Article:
The lawsuit will apparently rely on a number of potential legal arguments:
- "Part of the strategy is to claim that soft drink companies use caffeine, a mildly addictive substance, to hook children on a product that is dangerous because of its empty calories."
- Attorneys may also argue "that school vending machines are a nuisance because they give kids access to something that is both tempting and dangerous, the same argument that would be used in the case of a swimming pool without a fence."
- Another potential argument is that "it is unfair to offer kids soft drinks in an environment where parents have no control."
- And yet another potential argument is deceptive advertising - that "by putting vending machines in schools, companies are implicitly telling kids the drinks are good for them."
Another of the lawyers was said to suggest that "selling drinks in schools can hook kids on something that can eventually lead to diabetes." He was quoted as stating that the combination of caffeine and sugar in soft drinks is a "toxic cocktail that children cannot easily refuse."
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Not only do I fail to see any legal merit in this litigation, but I think it makes a mockery of public health in general, and of tobacco litigation in particular.
By putting Marlboro on the same plane as Coca-Cola, these attorneys are I think undermining the very litigation that they themselves helped establish.
The argument that caffeine is addictive and is used to hook children on soft drinks I think undermines the basic argument that is critical to almost every tobacco case out there: that nicotine is a highly addictive drug and that cigarette companies have intentionally manipulated levels of nicotine in order to addict their customers, but without their customers' knowledge.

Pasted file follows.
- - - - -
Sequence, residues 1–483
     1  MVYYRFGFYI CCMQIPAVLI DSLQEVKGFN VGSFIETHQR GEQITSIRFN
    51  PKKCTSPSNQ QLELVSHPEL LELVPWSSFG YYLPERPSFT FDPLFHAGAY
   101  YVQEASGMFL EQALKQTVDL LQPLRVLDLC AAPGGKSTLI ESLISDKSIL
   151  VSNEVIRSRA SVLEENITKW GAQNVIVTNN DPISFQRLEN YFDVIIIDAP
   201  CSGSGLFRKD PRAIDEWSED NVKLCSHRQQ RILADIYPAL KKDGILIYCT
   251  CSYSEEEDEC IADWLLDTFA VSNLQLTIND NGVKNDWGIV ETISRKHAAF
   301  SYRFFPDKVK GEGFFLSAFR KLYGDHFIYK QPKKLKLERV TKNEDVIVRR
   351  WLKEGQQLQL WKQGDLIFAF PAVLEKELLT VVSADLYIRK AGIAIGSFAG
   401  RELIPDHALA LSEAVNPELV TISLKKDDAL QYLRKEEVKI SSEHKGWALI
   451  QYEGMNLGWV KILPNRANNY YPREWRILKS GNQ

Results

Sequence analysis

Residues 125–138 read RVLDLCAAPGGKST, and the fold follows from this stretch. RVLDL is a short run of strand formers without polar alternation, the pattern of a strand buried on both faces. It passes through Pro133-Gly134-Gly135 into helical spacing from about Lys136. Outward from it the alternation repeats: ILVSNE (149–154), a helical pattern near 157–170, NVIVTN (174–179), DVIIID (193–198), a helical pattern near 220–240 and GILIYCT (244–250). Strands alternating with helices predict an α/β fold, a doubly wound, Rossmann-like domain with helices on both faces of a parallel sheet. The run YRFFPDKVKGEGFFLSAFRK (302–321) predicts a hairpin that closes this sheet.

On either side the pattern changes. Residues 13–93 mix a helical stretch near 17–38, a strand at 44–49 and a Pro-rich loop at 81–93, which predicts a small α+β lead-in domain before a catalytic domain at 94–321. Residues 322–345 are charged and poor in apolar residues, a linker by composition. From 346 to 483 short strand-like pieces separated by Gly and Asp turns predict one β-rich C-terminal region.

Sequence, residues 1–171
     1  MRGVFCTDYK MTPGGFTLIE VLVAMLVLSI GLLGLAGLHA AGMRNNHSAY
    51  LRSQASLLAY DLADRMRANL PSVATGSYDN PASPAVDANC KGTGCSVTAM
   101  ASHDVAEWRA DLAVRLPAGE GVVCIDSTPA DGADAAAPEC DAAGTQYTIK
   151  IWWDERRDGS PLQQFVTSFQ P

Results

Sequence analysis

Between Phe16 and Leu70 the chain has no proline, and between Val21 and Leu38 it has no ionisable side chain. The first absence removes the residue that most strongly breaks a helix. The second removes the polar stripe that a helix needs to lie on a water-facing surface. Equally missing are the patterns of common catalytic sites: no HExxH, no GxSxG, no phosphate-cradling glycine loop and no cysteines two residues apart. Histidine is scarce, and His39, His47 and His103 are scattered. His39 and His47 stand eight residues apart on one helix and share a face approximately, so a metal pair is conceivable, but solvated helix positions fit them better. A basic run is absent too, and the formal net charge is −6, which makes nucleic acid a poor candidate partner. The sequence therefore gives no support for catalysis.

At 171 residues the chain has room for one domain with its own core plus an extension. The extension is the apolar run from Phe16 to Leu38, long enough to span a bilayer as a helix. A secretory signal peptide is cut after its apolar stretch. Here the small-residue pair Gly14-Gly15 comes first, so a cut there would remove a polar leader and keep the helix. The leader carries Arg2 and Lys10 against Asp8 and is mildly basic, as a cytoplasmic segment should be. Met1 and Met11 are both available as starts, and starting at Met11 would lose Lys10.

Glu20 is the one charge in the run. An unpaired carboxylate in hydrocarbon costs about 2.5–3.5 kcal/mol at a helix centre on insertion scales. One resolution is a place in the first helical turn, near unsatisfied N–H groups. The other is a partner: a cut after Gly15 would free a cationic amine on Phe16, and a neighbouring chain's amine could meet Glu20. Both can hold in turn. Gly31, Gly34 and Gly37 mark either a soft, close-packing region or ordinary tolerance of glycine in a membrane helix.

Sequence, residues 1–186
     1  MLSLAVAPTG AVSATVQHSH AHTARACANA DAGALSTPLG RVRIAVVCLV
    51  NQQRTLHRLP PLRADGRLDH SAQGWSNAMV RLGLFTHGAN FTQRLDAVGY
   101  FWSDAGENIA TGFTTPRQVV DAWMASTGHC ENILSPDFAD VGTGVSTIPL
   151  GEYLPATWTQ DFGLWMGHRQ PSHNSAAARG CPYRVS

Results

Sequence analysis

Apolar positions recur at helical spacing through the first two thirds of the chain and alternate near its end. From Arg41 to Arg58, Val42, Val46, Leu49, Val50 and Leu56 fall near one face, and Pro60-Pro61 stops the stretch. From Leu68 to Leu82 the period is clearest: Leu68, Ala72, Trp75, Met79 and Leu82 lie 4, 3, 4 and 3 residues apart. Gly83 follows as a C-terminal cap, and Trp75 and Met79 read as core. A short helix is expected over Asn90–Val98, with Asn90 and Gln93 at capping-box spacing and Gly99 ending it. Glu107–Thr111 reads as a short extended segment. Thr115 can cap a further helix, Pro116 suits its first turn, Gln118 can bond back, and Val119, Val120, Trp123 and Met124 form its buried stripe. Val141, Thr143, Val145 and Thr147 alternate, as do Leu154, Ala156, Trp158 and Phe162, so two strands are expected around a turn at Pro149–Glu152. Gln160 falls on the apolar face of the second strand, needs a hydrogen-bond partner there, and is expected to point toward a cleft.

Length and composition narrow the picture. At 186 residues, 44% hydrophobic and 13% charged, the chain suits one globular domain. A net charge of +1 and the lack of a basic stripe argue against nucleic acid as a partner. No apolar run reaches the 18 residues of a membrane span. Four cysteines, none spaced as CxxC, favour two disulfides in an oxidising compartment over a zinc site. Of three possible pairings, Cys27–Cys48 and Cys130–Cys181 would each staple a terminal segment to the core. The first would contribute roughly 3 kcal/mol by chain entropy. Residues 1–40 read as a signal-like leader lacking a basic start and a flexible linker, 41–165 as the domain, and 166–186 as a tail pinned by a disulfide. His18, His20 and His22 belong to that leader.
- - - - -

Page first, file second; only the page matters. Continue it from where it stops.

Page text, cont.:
In fact, this is an argument that cigarette company lawyers have repeatedly made in tobacco trials in an attempt to convince juries that nicotine is not addictive in any serious sense - it is only mildly addictive in the same way that soda or chocolate are addictive.
I vehemently disagree with the contention that caffeine has anything like the addictive power of nicotine, and I think there is simply no comparison. I spent years of my career trying to help patients overcome a nicotine addiction, but not once did I have a patient whose problem was not being able to stop drinking Coca-Cola. I've had a lot of patients who were chain smokers, but none who were "chain Cokers."
To suggest that soft drinks are a "toxic cocktail" is not only grossly inaccurate, but I think it does an injustice to legitimate public health attempts to protect the public from toxic substances - like tobacco. If the public is led to believe that any product that may possibly, if consumed in gross excess, lead to health problems is "toxic," then the public's appreciation of the very real risks of something like tobacco use will be greatly undermined. Eventually, I think the public is just going to get sick of listening to all this banter, and they will just give up.
Public health practitioners need to be consistent in their messages to the public, and telling the public that soft drinks are a toxic cocktail is simply not a message that is consistent with what I think the public health message should be.